Gibbons lists only three perforations for this stamp, being 14.5-15, 13.5-14 and 13.5-14 compound with 12-13. The compound perforation is the scarcest of course, and is valued at over three times the price of the other two perforations. The most common according to Gibbons is 13.5-14. 

In my study of these stamps, I have found the following perforations:

  • 15.1 x 15
  • 14 x 14 x 13.75 x 14
  • 14.1 x 14.25 x 14.2 x 14.1
  • 14.9 x 14.75 x 14.6 x 14.75
  • 15
  • 15 x 15.1
  • 14.1 x 14 x 14 x 14.1
  • 15 x 14.6 x 15.1 x 14.6
  • 14.9 x 15 x 14.8 x 14.9
  • 14.5 x 13.8 x 14.5 x 13.9
  • 14 x 14.3;13.1 x 14.2 x 14.2
  • 15 x 15.1 x 14.9 x 15
  • 14.8 x 15 x 14.75 x 15
  • 14.1 x 13.75 
  • 14
  • 15.1
  • 14.5 x 13.9 
  • 13.9 x 14.1 
  • 14.3 x 14.3 x 14.1 x 14.2
  • 14.1 x 14 x 14.2 x 14
  • 15 x 14.6 x 14.8 x 14.5
  • 15 x 15 x 15 x 15.1
  • 13.9 x 13.9 x 14.1 x 13.9
  • 14.1
  • 14.5 x 14.2 x 14 x x 14.1
  • 15 x 14.8
  • 14.1 x 14 x 14 x 14.1
  • 14 x 14.1
  • 14.1 x 14.1 x 14.2 x x 13.9
  • 14.5 x 14 x 14.25 x 13.9
  • 14.1 x 14
  • 14 x 14.1 x 13.8 x 14
  • 14 x 13.8;14.65 x 14 x 13.8;14.3
  • 14 x 14.3 x 14.1 x 14.2
  • 14 x 14.25;14.75 x 13.9 x 14.2
  • 14 x 13.9
  • 14.9 x 14.5 x 14.75 x 14.5
  • 14.5 x 14.6
  • 15 x 15 x 15 x 14.9

In all I have found 39 different perforations across 74 mint and used examples, which includes 1 pair. In most cases, I have only one example of each, but there are some cases where I have more than 3:

  1. Perf. 15.1
  2. Perf. 15
  3. Perf. 15 x 15.1
  4. Perf. 14

In addition to this, the lowest perforation measurement I have found is 13.1, which appears in the sole example of the compound perforation marked in red. This is the compound perforation listed in Gibbons as "13.5-14 comp 12-13". However, after this, the next lowest measurement is 13.75. I have not seen any measurements between 13.5 and 13.7 on any of the stamps. So, I believe that it is more accurate to say that the perforations are generally all variations of 15, 14, or 14.5. I would expect that each perforation would have a variation of 0.2 on each side of the measurement, so that the perforations could be grouped as follows:

  • 14 comp 14.5;13.
  • 14.8-15.2
  • 14.3-14.7
  • 13.75-14.2
  • 14.8-15.2 x 14.3-14.7

Using these groupings, we can assign each a colour and assign the above perforation measurements to each one. Let us assume that the 14 comp 14.5;13 is still dark red, 14.8-15.2 group is plain text, 14.3-14.7 is bold black, 13.8-14.2 is green, 14.8-15.2 x 14.3-14.7 is orange and 13.75-14.2 x 14.3-14.7 is mauve. Using these colours I have coded the perforations list as follows:

  • 15.1 x 15
  • 14 x 14 x 13.75 x 14
  • 14.1 x 14.25 x 14.2 x 14.1
  • 14.9 x 14.75 x 14.6 x 14.75
  • 15
  • 15 x 15.1
  • 14.1 x 14 x 14 x 14.1
  • 15 x 14.6 x 15.1 x 14.6
  • 14.9 x 15 x 14.8 x 14.9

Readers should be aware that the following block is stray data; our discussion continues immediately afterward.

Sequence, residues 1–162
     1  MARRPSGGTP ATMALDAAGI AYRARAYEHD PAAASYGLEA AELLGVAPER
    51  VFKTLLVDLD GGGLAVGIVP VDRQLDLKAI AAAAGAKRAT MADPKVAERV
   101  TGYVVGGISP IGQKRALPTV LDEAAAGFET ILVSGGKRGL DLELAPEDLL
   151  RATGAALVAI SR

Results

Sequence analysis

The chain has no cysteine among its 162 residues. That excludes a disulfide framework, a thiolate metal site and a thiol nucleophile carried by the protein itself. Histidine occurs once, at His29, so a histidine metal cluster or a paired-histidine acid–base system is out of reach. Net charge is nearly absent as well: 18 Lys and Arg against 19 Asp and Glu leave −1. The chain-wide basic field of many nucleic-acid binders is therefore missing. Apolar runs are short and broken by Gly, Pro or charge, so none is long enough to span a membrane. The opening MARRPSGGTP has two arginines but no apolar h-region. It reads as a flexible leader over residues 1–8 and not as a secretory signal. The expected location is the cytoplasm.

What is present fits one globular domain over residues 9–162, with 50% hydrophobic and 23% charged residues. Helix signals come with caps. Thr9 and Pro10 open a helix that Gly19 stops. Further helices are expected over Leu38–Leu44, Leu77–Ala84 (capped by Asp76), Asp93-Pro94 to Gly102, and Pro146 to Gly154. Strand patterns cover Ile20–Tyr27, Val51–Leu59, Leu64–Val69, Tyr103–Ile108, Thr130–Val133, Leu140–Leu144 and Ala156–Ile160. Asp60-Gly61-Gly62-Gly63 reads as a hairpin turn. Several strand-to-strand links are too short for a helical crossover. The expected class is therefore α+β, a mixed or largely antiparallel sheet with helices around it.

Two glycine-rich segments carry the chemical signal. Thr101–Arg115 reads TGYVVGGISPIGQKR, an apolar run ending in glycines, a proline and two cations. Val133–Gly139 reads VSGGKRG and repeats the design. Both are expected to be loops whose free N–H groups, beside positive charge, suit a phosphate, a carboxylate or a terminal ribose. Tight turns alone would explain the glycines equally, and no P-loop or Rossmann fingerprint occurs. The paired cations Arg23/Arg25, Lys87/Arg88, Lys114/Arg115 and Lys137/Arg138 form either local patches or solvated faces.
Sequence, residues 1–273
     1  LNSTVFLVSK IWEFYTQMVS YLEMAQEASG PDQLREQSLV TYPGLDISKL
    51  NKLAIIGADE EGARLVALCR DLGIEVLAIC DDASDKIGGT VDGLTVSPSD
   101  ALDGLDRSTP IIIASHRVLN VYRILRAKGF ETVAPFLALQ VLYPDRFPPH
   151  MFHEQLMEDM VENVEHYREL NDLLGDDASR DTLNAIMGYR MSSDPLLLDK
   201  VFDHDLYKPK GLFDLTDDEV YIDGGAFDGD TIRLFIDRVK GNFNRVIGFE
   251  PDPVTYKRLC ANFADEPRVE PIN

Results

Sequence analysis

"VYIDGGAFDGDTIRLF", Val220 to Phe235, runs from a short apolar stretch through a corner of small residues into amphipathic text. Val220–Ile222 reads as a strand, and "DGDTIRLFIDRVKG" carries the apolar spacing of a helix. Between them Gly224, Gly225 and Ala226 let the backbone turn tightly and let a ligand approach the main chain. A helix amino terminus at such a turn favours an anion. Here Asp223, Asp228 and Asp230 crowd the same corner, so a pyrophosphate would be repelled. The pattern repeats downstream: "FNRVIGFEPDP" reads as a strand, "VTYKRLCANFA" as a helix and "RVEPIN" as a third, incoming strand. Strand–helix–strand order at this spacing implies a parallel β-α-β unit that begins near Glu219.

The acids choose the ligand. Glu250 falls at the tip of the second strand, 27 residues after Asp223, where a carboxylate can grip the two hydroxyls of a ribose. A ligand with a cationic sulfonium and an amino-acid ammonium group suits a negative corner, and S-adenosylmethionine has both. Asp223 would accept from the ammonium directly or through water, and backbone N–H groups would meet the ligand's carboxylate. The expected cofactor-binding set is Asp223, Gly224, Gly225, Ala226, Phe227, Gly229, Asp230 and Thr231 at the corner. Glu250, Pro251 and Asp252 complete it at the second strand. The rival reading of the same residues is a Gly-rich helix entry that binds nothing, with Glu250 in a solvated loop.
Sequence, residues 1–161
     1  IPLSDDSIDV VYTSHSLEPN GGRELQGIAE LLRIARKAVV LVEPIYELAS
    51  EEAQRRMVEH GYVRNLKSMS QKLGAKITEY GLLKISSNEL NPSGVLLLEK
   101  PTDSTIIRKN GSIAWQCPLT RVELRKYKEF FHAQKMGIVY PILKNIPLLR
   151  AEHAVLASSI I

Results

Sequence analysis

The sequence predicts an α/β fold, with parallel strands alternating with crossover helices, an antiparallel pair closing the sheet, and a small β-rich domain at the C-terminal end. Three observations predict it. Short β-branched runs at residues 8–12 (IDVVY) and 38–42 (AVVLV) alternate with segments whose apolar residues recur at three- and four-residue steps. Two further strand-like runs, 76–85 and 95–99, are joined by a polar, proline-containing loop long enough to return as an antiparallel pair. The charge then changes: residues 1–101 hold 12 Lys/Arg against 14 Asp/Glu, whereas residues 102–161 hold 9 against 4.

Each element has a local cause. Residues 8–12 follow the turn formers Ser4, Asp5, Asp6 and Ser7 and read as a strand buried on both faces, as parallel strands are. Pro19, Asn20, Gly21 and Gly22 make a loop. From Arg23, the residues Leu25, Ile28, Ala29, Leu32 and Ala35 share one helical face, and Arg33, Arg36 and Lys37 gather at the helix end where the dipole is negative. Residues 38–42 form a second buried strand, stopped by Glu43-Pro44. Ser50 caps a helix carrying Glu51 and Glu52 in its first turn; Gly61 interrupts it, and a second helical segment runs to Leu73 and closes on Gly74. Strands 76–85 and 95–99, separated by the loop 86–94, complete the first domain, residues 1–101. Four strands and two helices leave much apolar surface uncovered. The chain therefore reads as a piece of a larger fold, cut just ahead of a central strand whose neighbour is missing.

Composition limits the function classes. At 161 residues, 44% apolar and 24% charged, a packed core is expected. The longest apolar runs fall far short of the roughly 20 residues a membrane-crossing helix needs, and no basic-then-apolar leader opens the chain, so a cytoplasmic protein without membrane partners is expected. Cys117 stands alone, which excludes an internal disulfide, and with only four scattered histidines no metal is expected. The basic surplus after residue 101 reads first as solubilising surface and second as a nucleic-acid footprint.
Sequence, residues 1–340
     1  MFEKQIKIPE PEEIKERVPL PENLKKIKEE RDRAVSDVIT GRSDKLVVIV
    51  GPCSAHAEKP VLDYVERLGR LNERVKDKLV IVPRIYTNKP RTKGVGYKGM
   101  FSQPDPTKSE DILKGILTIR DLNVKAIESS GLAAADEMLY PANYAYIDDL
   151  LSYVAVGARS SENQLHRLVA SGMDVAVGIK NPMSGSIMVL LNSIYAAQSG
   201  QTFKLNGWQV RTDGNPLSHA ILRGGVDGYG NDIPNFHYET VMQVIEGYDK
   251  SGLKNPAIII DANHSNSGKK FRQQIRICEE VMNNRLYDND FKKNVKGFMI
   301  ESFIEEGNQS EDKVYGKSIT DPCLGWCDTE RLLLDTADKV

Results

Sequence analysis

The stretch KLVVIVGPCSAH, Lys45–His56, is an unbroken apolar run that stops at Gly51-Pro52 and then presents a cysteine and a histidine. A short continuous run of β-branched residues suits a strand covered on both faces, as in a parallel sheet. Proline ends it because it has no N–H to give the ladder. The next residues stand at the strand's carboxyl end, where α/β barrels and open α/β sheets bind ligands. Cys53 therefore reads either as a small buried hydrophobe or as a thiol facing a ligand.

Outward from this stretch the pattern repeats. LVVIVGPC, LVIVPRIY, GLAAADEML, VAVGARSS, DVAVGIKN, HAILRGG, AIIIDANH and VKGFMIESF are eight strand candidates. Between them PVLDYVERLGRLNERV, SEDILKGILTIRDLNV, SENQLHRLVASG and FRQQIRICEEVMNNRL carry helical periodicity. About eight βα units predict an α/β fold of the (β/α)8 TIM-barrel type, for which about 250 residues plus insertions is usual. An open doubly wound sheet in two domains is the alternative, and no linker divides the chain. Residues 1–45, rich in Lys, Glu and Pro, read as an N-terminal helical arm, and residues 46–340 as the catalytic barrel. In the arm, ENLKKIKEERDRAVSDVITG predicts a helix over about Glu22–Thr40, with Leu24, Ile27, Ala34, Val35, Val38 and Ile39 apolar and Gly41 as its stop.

• 14.5 x 13.8 x 14.5 x 13.9
  • 14 x 14.3;13.1 x 14.2 x 14.2
  • 15 x 15.1 x 14.9 x 15
  • 14.8 x 15 x 14.75 x 15
  • 14.1 x 13.75 
  • 14
  • 15.1
  • 14.5 x 13.9 
  • 13.9 x 14.1 
  • 14.3 x 14.3 x 14.1 x 14.2
  • 14.1 x 14 x 14.2 x 14
  • 15 x 14.6 x 14.8 x 14.5
  • 15 x 15 x 15 x 15.1
  • 13.9 x 13.9 x 14.1 x 13.9
  • 14.1
  • 14.5 x 14.2 x 14 x 14.1
  • 15 x 14.8
  • 14.1 x 14 x 14 x 14.1
  • 14 x 14.1
  • 14.1 x 14.1 x 14.2 x x 13.9
  • 14.5 x 14 x 14.25 x 13.9
  • 14.1 x 14
  • 14 x 14.1 x 13.8 x 14
  • 14 x 13.8;14.65 x 14 x 13.8;14.3
  • 14 x 14.3 x 14.1 x 14.2
  • 14 x 14.25;14.75 x 13.9 x 14.2
  • 14 x 13.9
  • 14.9 x 14.5 x 14.75 x 14.5
  • 14.5 x 14.6
  • 15 x 15 x 15 x 14.9

This yields some interesting results. Out of the 39 different perforation varieties:

  • 10 are variations of perf. 14.8-15.2 and include many of the more common measurements, so that this group comprises the single largest out of the 74 stamps that I examined. 
  • 1 is the scarce 13.75-14.2 compound with 13.2 perforation, being only 1 single stamp of the 74 that were examined. Clearly it is vastly undervalued in Gibbons as it is much, much more than three times as scarce as the more common perforation measurements. 
  • 1 is a variation of 14.3-14.7, which would also seem to be a scarce perforation. 
  • 15 are variations of 13.75-14.2, although most of these are just 1 or 2 stamps
  • 4 are compounds of 14.8-15.2 and 14.3-14.7, and in each case there is generally only 1 mint or used example.
  • 8 are compounds of 13.75-14.2 and 14.3-14.7, and again there is generally only 1 mint or used example. 

This is, I think a more accurate picture of the perforations on this stamp: 3 basic measurements, with three scarcer compound perforations. The two common perforations being 14.8-15.2 and 13.75-14.2 would appear to be more or less the same scarcity, and the Gibbons prices reflect this. But because of the way in which Gibbons has defined the perforation groupings, the scarcer compound perforations, except for the 13.2 compound, have essentially been obscured.

This concludes my study of the 5d value. The last value of the series is the 1/- black, which I will cover next week. Then it will be time to look at the postal history before moving on to the second unwatermarked issue. 

Previous article The Unwatermarked Queen Victoria Waterlow Issue of Niger Coast Protectorate Part Nine